This could change so check before concluding that "nothing works".

There are three fields in the address structure. The first is: 

struct sockaddr_in addr;

Then comes sin_family, which is set to:

addr.sin_family = AF_INET;

to indicate an internet IPv4 address.

The next field is the port number of the IP address, but you can't simply use:

addr.sin_port = 80;

because the bit order used on the Internet isn't the same as used on most processors. Instead you have to use a utility function that will ensure the correct bit order:

addr.sin_port = htons(80);

The function name stands for “host to network short” and there are other similarly named functions. 

The actual address is defined in the in_addr field. This is a struct with only one field, s_addr, a 32-bit representation of an IP address. The format is fairly simple. Regard the 32-bit value as four bytes with each byte coding one value of the "dotted" IP address. That is, if the IP address is w.x.y.z then w, x, y and z are the bytes of s_addr. For example, the IP address of is  and converting each value into its byte equivalent in hex gives 5d.b8.d8.22, which would be the hex value we have to store in s_addr if it wasn't for the fact that the bytes are stored in reverse order. So, the hex equivalent of the IP address is 0x22d8b85d and this is used to initialize the address struct:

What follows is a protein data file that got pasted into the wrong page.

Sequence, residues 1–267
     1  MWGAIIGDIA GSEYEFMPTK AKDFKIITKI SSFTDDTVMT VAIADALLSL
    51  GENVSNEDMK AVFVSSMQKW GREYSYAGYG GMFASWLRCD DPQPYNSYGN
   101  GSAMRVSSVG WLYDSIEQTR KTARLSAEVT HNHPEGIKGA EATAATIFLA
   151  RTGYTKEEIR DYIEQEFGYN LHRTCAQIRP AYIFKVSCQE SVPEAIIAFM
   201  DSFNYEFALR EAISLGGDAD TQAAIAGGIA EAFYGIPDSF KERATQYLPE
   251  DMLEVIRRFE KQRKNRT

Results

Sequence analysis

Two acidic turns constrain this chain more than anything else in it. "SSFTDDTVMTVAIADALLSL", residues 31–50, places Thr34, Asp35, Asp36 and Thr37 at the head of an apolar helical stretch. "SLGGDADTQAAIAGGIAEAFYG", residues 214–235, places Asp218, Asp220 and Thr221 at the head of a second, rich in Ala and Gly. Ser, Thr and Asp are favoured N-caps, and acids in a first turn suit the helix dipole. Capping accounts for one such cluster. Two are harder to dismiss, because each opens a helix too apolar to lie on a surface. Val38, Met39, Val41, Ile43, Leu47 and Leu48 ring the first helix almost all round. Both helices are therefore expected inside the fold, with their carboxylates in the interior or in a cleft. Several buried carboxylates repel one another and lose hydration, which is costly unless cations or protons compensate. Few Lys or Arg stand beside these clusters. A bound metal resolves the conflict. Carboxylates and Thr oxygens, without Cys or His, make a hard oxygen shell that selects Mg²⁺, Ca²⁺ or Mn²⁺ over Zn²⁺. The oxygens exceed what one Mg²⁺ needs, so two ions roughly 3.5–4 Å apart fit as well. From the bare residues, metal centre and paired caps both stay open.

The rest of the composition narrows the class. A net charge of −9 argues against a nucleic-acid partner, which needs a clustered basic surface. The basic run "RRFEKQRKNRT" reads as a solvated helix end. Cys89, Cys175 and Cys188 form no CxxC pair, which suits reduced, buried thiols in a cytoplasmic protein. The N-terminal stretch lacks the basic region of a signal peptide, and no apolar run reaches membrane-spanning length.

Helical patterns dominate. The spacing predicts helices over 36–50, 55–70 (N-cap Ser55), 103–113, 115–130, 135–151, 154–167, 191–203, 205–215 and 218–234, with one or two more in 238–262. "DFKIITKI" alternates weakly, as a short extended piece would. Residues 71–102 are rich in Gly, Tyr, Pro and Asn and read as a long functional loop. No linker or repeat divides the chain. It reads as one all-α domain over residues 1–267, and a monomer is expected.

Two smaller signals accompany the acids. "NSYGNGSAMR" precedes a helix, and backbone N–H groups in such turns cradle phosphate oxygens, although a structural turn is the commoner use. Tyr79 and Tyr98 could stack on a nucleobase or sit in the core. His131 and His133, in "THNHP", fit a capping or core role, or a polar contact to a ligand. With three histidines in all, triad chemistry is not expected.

addr.sin_addr.s_addr = 0x22d8b85d;

To make all this work you need to add:

#include <sys/types.h>


#include <netinet/in.h>

With the address worked out and safely stored we can now make the connection:

connect(sockfd, &addr, sizeof (addr));

This will return 0 if it successfully connects and we do need to test for this condition. You will also get a type warning because the pointer to the addr structure isn't as defined in the function. In fact there are many variations which you could pass and it is the standard idiom to cast them to the function's pointer type:

connect(sockfd, (struct sockaddr *) &addr, 
sizeof (addr));

Finally we need to check for an error:

if(connect(sockfd,(struct sockaddr*)&addr,
sizeof(addr))<0)return -1;

Last Updated ( Tuesday, 26 April 2022 )